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(en) France, Organization Alternating Current OC #223 - LIBYA Completing the Revolution (fr) [machine translation]

Date Sun, 25 Nov 2012 09:35:09 +0200


Recent events in the Arab world and North Africa, appointed by the journalists "Arab Spring", clearly showed, for nearly two years of movement, a "change" is possible in a society where corruption by sclerotic people want and pay the price, but also that "change" does not guarantee the satisfaction of popular demands, encompassed within the term "change." ---- Change has taken place in Tunisia, Libya, Egypt, Yemen and Syria soon: change of regime or government, change of constitution, as change in the ruling families both politically and economically, and in speeches in the media with the opportunity to finally be able to give a clean sweep in 40 years of repression, humiliation and misery. These are popular movements and spontaneous that created the conditions for "change", the price has been heavy but the motivation to revolt did not fail and fail yet.

These claims are neither ambiguous nor opaque or unclear, they are clearly expressed: bread and air, work and freedom with all that goes with it, on the right to health, housing, education, transportation, information, etc.. This is not the first time that the Arab peoples are rising up to these claims and December 17, 2010 is a date among others. The magnitude of the events that took place in the Arab countries can not be explained by a single reason or under the light of a single point of view. Multiple factors, discussed in various analyzes published in the media and other areas of communication, such as the strength of the repression by the state and its ferocity against peaceful demonstrations, but also the strong desire of the population to freedom and democracy, denial of unemployment and poverty that affect a large part of the population, it may be sufficient to explain the explosion of anger and determination of the people want to bring down regimes installed in power for decades without explaining why the company has succeeded with the departure of executives and fall of regimes.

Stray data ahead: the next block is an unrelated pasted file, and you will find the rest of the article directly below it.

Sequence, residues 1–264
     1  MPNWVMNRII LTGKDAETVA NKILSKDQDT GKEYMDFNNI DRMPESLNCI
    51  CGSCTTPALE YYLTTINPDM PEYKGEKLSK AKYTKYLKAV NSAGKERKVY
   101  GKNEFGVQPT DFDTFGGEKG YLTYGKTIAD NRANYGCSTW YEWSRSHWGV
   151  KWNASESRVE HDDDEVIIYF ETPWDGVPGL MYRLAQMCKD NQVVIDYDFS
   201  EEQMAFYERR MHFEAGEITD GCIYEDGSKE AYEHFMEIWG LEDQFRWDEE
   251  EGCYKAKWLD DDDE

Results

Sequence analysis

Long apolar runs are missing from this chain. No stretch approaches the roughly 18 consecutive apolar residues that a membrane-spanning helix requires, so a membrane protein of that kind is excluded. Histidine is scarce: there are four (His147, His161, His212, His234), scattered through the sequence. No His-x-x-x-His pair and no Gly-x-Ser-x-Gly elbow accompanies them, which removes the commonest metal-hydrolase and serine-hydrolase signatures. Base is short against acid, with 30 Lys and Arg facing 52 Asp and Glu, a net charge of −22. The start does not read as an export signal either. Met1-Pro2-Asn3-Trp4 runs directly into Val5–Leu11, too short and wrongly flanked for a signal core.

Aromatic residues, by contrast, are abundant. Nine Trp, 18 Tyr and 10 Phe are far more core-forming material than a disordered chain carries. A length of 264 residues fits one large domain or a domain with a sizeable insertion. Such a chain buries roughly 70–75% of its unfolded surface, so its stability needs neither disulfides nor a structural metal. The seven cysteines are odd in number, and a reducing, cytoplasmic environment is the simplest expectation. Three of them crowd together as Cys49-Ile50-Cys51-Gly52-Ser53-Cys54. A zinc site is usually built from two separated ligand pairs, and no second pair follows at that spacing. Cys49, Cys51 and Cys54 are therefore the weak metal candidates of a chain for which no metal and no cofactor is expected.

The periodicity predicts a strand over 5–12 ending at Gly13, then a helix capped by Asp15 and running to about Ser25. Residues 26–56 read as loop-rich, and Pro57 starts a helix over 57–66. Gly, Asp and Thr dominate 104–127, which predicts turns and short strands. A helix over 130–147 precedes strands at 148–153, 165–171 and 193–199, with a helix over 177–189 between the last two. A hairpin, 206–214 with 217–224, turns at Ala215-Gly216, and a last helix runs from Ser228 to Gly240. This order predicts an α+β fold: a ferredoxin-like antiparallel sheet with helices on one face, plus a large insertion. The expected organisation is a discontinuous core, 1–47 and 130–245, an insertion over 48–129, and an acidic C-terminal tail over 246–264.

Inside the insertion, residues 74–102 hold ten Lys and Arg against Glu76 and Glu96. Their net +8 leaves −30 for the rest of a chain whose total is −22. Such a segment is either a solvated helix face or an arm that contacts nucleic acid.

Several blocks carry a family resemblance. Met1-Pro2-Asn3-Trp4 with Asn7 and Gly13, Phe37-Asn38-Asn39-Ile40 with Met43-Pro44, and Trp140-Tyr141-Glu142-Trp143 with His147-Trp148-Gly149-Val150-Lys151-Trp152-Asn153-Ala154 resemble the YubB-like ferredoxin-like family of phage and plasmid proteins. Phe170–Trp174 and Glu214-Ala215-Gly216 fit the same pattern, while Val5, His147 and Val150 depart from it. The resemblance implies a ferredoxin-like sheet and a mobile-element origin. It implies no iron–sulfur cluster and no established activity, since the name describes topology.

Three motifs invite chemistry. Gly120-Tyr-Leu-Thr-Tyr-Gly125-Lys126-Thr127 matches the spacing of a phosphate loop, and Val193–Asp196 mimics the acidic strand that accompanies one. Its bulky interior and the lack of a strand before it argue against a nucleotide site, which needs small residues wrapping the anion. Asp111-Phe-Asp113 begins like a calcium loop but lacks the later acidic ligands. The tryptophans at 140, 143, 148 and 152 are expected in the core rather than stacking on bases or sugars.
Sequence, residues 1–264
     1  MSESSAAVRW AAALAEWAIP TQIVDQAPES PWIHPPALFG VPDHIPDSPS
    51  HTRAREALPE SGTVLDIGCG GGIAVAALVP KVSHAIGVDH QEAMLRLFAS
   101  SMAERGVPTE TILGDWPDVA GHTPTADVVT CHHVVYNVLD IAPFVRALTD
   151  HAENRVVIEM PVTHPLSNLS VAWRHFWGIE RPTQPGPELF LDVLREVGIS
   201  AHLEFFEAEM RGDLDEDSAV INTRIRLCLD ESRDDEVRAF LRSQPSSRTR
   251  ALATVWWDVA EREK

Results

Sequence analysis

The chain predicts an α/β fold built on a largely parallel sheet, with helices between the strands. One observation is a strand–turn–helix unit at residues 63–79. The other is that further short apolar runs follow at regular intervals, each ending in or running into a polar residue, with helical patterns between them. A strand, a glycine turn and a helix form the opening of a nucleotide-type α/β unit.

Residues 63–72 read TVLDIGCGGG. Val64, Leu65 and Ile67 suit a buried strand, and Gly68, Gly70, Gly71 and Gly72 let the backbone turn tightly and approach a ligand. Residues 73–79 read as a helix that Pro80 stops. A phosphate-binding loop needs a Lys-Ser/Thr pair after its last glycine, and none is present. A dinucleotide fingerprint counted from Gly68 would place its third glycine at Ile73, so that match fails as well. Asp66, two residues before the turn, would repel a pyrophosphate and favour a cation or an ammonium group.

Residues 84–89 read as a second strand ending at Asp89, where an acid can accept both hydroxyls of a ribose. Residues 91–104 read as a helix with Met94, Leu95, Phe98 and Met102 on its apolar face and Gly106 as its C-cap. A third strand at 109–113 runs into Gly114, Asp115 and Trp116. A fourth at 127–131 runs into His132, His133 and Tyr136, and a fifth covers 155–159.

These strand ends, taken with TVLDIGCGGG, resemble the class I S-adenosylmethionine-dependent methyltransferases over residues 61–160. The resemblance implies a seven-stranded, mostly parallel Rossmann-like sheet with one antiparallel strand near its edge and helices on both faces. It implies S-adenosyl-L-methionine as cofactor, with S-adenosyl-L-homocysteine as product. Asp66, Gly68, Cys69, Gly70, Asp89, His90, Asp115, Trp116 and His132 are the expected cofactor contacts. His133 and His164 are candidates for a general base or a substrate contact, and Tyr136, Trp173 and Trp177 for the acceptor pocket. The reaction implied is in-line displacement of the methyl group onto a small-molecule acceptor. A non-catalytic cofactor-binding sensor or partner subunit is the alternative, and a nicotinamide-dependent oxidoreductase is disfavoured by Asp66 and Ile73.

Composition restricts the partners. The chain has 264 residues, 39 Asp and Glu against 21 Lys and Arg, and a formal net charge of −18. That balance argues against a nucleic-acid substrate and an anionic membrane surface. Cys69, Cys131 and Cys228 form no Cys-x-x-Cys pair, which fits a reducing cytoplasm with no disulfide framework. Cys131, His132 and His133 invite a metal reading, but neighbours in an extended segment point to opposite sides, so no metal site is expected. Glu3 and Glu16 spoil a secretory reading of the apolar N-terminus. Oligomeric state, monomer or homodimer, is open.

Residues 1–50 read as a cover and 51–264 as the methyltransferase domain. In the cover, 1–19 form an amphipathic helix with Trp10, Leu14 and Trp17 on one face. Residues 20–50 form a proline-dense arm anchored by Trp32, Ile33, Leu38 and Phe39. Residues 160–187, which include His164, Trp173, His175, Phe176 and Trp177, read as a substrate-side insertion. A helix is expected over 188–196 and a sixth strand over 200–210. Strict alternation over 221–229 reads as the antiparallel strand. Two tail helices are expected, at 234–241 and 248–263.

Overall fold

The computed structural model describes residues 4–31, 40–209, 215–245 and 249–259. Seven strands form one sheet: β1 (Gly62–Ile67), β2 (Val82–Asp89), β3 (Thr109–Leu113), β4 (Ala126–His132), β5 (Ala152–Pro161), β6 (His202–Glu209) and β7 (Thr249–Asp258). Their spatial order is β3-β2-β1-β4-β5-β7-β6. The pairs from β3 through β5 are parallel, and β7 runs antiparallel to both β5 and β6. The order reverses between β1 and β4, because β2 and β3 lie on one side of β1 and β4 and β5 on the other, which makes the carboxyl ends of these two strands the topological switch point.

Tunisia, Egypt, Libya, Syria Despite the complexity of Arab societies and the differences that may exist between Tunisia and Yemen, between Egypt and Libya, Bahrain, Syria, etc.., it is undeniable that the movement of were spontaneous and popular protest, largely inspired by the Tunisian revolt, with nuances for each country, where people have respectively a thousand reasons to rebel and seek to improve their living conditions. We first note the similarities and differences in the sequence of events and their outcome in Tunisia and Egypt, Libya and Syria. Thus, there is a relatively rapid departure of Ben Ali (Tunisia), Mubarak (Egypt). On January 14, a month after the outbreak of the Tunisian revolt of December 17, 2010, Ben Ali was already on a plane leaving for Saudi Arabia on Mubarak resists 18 days before throwing in the towel and go on leaving the keys in the army. Its side Gaddafi refuses to leave him and it took six months of intensive bombing of NATO planes and ultimately his murder October 20, 2011 for regime change in Libya. His alter ego, Bashar al-Assad in Syria continues to resist the fault of NATO bombers that are slow to respond to obvious geostrategic reasons.